The recent tragedy at Virginia Tech University has led school officials nationwide to re-examine safety on their own campuses. Here’s a look at some grant programs that could help you improve your response to emergencies and otherwise enhance campus safety.
A federal grant program from the U.S. Department of Education (ED), called the Readiness and Emergency Management for Schools (REMS) program, is not new–but it has a new title. Some readers might be familiar with this program, which was started in the aftermath of the Sept. 11, 2001 terrorist attacks on the United States and used to be called the Emergency Response and Crisis Management grant program. (See Feds launch $30 million emergency-planning program for schools)
REMS supports efforts by local education agencies (LEAs) to strengthen their emergency-management plans, including training school personnel and students in emergency response procedures; communicating emergency plans and procedures with parents; and coordinating with local law-enforcement officials, public safety officials, and public and mental health agencies. Although the deadline for this year’s program has passed–it was May 21–school leaders can take this opportunity to learn more about the program and start planning now for next year’s funding cycle. ED estimates it will make 73 awards this year, ranging from $100,000 to $500,000 in value.
Schools leaders who are looking for an alert system they can put into place rather quickly might want to consider the Alertify system from Omvox Telecom Corp. In the wake of the Virginia Tech tragedy, Omvox has extended a grant program to provide its Alertify mass notification system at no cost to colleges and universities nationwide.
Michael Self, founder and CEO of Fort Lauderdale, Fla.-based Omvox, sees the grant program as an immediate, interim solution to a long-term need. To date, 50 schools nationwide have tapped the Alertify grant program, he says.
“While schools struggle with the question of what to do long term, they can use Alertify until they have a permanent, long-term plan in place,” said Self, who has designed notification systems for the U.S. Department of Defense, Department of Homeland Security, and the U.S. Navy and reportedly created one of the first mass-alert systems in 1989. “We can have [schools] up and working in two days, giving them time to resolve funding issues and evaluate the best solution for their needs.”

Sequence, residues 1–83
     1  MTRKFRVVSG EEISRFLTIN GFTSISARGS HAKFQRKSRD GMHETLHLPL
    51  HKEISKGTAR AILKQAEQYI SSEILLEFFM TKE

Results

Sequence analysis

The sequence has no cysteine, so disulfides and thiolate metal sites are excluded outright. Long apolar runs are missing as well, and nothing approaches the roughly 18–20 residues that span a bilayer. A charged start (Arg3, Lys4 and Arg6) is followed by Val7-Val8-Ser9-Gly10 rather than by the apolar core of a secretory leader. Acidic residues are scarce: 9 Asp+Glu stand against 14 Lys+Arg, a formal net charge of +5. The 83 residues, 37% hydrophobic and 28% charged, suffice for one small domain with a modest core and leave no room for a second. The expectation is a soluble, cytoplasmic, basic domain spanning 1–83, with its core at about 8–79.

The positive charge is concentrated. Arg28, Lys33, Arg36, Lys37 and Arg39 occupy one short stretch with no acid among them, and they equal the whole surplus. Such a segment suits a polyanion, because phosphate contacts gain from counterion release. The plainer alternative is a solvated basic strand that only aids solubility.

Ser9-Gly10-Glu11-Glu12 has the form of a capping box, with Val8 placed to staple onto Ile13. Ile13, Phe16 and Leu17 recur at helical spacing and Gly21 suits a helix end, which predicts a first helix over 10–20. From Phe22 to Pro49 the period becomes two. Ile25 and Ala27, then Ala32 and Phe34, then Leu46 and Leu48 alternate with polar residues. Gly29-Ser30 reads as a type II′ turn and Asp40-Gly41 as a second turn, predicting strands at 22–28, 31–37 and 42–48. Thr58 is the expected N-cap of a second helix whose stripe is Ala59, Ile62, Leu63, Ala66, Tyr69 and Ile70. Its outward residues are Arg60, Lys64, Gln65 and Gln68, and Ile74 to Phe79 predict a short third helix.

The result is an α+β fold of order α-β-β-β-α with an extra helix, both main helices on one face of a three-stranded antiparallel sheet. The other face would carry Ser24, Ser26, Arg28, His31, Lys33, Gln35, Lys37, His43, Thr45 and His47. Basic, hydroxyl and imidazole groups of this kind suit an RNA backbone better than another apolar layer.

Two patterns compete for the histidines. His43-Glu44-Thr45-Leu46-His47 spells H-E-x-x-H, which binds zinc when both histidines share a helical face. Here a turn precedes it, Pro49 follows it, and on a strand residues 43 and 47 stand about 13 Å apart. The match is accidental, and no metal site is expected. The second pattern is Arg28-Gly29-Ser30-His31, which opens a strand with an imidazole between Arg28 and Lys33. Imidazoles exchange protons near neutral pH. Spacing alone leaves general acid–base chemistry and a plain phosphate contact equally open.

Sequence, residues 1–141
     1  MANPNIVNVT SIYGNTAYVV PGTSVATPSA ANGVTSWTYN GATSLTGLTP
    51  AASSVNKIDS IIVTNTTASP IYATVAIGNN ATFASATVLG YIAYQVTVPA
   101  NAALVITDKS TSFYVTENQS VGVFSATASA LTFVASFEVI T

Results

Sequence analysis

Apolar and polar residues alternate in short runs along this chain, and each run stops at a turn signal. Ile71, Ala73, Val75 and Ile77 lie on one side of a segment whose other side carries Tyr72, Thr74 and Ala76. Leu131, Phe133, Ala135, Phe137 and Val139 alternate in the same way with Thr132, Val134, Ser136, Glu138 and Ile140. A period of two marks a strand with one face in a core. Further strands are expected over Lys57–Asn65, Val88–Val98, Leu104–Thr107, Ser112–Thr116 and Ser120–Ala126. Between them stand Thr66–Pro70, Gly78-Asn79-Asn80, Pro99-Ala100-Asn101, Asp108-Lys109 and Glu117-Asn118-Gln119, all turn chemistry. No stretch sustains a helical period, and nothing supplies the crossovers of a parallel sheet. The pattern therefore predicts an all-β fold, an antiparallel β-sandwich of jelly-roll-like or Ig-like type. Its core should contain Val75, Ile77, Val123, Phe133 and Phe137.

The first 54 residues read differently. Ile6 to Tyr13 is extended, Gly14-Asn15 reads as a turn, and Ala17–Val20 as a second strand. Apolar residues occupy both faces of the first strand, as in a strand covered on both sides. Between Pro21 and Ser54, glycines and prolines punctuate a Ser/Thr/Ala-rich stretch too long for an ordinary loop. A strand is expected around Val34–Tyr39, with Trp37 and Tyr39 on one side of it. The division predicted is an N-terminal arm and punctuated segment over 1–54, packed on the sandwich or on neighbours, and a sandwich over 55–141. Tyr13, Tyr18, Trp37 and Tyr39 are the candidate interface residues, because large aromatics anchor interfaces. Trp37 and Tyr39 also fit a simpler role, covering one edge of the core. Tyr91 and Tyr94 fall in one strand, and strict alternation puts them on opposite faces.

He added: “From weather alerts to classroom changes to on-campus emergencies, these services immediately send users must-know information. One person can notify thousands of people in minutes.”
Schools subscribed to the system enter the contact information for each student, parent, and/or guardian, including eMail or text-message addresses and landline or wireless phone numbers. When an emergency arises, like a weather alert or school security issue, the system administrator or authorized user logs on to a secure web site and sends a recorded or text message instantly to these contacts. The solution also can be used to remind parents about upcoming events, or a professor can tell students about a classroom change.
College and university officials interested in applying for the Alertify grant program should complete an application online at www.alertify.com or call the company directly at (888) 98-OMVOX, extension 257.
In another example of corporate generosity, Jill Stelfox, CEO of Defywire Inc., is pledging to donate $1 million worth of her company’s premier software package, Mobile Guardian Safety Suite, to help protect students in the United States. This million-dollar commitment, called “Enough Is Enough,” is open to all districts that want to make their schools safer and more responsive in a time of crisis.
The Mobile Guardian Safety Suite is software that connects handheld devices to the back-end information contained in school and student information systems. The system gives school administrators, teachers, coaches, and bus drivers immediate, handheld access to all information in their school’s or district’s computer systems.
According to a Defywire press release, “Mobile Guardian Safety Suite gives school officials immediate access to emergency medical information about an ill or injured child, without losing precious minutes locating the information in a distant office. Even in the absence of a school-wide catastrophic event, such a device is invaluable when athletes collapse on the practice field or children are left on a school bus at the end of the day.”
Deborah Ward, CFRE, is an independent grant writing consultant. She welcomes questions at (717) 295-9437 or at Debor21727@aol.com.